7 Locating the source of earthquakes Earthquake depths Earthquakes originate at depths ranging from 5 to nearly 700 kilometers Earthquake foci arbitrarily classified as shallow (surface to 70 kilometers), intermediate (between 70 and 300 kilometers), and deep (over 300 kilometers) Locating the source of earthquakes Earthquake depths Definite patterns exist Shallow focus occur along the oceanic ridge system Almost all deep-focus earthquakes occur in the circum-pacific belt, particularly in regions situated landward of deep-ocean trenches Measuring the size of earthquakes Two measurements that describe the size of an earthquake are Intensity a measure of the degree of earthquake shaking at a given locale based on the amount of damage Magnitude estimates the amount of energy released at the source of the earthquake 7

8 Measuring the size of earthquakes Intensity scales Modified Mercalli Intensity Scale was developed using California buildings as its standard The drawback of intensity scales is that destruction may not be a true measure of the earthquakes actual severity Measuring the size of earthquakes Magnitude scales Richter magnitude - concept introduced by Charles Richter in 1935 Richter scale Based on the amplitude of the largest seismic wave recorded Accounts for the decrease in wave amplitude with increased distance Measuring the size of earthquakes Magnitude scales Richter scale Largest magnitude recorded on a Wood- Anderson seismograph was 8.9 Magnitudes less than 2.0 are not felt by humans Each unit of Richter magnitude increase corresponds to a tenfold increase in wave amplitude and a 32-fold energy increase 8

9 Measuring the size of earthquakes Magnitudes scales Other magnitude scales Several Richter-like magnitude scales have been developed Moment magnitude was developed because none of the Richter-like magnitude scales adequately estimates the size of very large earthquakes Derived from the amount of displacement that occurs along a fault Earthquake destruction Amount of structural damage attributable to earthquake vibrations depends on Intensity and duration of the vibrations Nature of the material upon which the structure rests Design of the structure Earthquake destruction Destruction from seismic vibrations Ground shaking Regions within 20 to 50 kilometers of the epicenter will experience about the same intensity of ground shaking However, destruction varies considerably mainly due to the nature of the ground on which the structures are built 9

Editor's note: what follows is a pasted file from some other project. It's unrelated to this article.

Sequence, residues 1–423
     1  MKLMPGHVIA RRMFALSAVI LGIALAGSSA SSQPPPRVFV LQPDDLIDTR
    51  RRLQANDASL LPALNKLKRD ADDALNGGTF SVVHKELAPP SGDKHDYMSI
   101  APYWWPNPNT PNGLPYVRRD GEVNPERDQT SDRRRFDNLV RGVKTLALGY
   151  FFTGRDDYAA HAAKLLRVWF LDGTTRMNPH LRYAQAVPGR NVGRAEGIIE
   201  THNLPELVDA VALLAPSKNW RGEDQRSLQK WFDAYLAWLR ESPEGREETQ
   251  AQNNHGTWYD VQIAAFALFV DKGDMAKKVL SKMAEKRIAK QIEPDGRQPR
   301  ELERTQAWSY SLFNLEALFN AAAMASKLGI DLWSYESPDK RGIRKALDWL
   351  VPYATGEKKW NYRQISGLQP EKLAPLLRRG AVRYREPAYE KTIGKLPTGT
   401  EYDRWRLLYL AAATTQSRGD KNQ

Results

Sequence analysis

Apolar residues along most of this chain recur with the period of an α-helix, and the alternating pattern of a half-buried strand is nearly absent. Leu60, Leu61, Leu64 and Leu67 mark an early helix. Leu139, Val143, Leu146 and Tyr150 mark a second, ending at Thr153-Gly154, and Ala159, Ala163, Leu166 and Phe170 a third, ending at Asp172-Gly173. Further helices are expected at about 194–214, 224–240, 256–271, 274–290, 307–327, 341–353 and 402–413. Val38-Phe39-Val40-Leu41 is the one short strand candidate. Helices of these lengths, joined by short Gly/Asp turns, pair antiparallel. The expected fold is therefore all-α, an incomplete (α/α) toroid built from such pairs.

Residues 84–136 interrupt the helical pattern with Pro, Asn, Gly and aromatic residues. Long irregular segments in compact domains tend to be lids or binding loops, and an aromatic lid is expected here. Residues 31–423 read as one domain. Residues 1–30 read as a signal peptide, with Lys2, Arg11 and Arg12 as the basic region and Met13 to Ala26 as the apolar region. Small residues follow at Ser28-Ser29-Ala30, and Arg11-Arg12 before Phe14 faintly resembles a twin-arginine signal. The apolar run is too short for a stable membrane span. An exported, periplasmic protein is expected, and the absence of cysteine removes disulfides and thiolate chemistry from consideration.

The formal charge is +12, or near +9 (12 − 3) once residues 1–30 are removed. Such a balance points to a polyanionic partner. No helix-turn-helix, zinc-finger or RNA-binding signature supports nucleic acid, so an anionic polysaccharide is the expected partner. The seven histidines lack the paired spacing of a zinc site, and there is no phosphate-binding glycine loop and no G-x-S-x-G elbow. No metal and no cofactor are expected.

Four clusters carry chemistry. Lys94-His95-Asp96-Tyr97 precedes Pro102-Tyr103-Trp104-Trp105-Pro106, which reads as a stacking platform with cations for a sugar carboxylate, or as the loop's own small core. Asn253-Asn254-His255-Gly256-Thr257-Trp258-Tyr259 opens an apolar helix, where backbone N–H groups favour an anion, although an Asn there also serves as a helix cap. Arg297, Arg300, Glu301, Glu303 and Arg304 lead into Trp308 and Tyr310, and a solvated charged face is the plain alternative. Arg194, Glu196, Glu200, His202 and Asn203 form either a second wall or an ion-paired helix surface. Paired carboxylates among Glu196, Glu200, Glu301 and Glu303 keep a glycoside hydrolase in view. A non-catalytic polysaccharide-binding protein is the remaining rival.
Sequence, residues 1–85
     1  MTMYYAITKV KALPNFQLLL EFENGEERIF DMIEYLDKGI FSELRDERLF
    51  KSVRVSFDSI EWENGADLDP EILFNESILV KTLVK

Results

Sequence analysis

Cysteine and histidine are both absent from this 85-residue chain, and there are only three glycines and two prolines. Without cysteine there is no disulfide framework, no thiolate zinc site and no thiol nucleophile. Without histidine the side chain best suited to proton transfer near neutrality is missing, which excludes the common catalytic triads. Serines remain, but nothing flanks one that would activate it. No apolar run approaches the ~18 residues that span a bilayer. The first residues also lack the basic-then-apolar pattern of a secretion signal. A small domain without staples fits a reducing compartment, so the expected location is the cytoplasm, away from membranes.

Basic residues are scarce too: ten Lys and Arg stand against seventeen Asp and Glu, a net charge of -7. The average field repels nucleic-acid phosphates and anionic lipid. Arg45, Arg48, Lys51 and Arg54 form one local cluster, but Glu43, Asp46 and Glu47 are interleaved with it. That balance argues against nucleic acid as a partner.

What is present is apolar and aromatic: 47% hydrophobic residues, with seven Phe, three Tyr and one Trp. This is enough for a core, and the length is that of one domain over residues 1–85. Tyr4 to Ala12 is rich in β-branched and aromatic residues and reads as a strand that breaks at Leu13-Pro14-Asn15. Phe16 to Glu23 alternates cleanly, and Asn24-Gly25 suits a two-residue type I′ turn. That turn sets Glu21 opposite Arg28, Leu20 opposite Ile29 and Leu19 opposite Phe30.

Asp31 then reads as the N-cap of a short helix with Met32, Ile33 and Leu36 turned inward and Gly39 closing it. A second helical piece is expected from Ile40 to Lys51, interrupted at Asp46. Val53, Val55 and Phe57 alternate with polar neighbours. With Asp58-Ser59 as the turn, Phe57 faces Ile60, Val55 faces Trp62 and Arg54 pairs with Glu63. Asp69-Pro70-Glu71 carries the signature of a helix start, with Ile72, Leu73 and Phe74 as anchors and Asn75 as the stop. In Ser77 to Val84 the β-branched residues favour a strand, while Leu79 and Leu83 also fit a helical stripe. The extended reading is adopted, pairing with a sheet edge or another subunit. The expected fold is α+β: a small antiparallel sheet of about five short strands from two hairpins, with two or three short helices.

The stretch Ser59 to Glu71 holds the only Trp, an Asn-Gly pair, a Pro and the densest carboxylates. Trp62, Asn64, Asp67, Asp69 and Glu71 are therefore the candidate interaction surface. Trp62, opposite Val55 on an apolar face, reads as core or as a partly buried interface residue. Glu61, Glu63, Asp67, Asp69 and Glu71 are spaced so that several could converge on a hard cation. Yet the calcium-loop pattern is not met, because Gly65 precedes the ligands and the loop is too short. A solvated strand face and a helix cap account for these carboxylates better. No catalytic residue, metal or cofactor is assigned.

10 Earthquake destruction Destruction from seismic vibrations Liquefaction of the ground Unconsolidated materials saturated with water turn into a mobile fluid Seiches The rhythmic sloshing of water in lakes, reservoirs, and enclosed basins Waves can weaken reservoir walls and cause destruction Earthquake destruction Tsunamis, or seismic sea waves Destructive waves that are often inappropriately called tidal waves Result from vertical displacement along a fault located on the ocean floor or a large undersea landslide triggered by an earthquake Earthquake destruction Tsunamis, or seismic sea waves In the open ocean height is usually less than 1 meter In shallower coastal waters the water piles up to heights that occasionally exceed 30 meters Can be very destructive Landslides and ground subsidence 10

11 Can earthquakes be predicted Short-range predictions Goal is to provide a warning of the location and magnitude of a large earthquake within a narrow time frame Research has concentrated on monitoring possible precursors phenomena that precede a forthcoming earthquake such as measuring uplift, subsidence, and strain in the rocks Can earthquakes be predicted Short-range predictions Currently, no reliable method exists for making short-range earthquake predictions Long-range forecasts Give the probability of a certain magnitude earthquake occurring on a time scale of 30 to 100 years, or more Can earthquakes be predicted Long-range forecasts Based on the premise that earthquakes are repetitive or cyclical Using historical records or paleoseismology Are important because they provide information used to Develop the Uniform Building Code Assist in land-use planning 11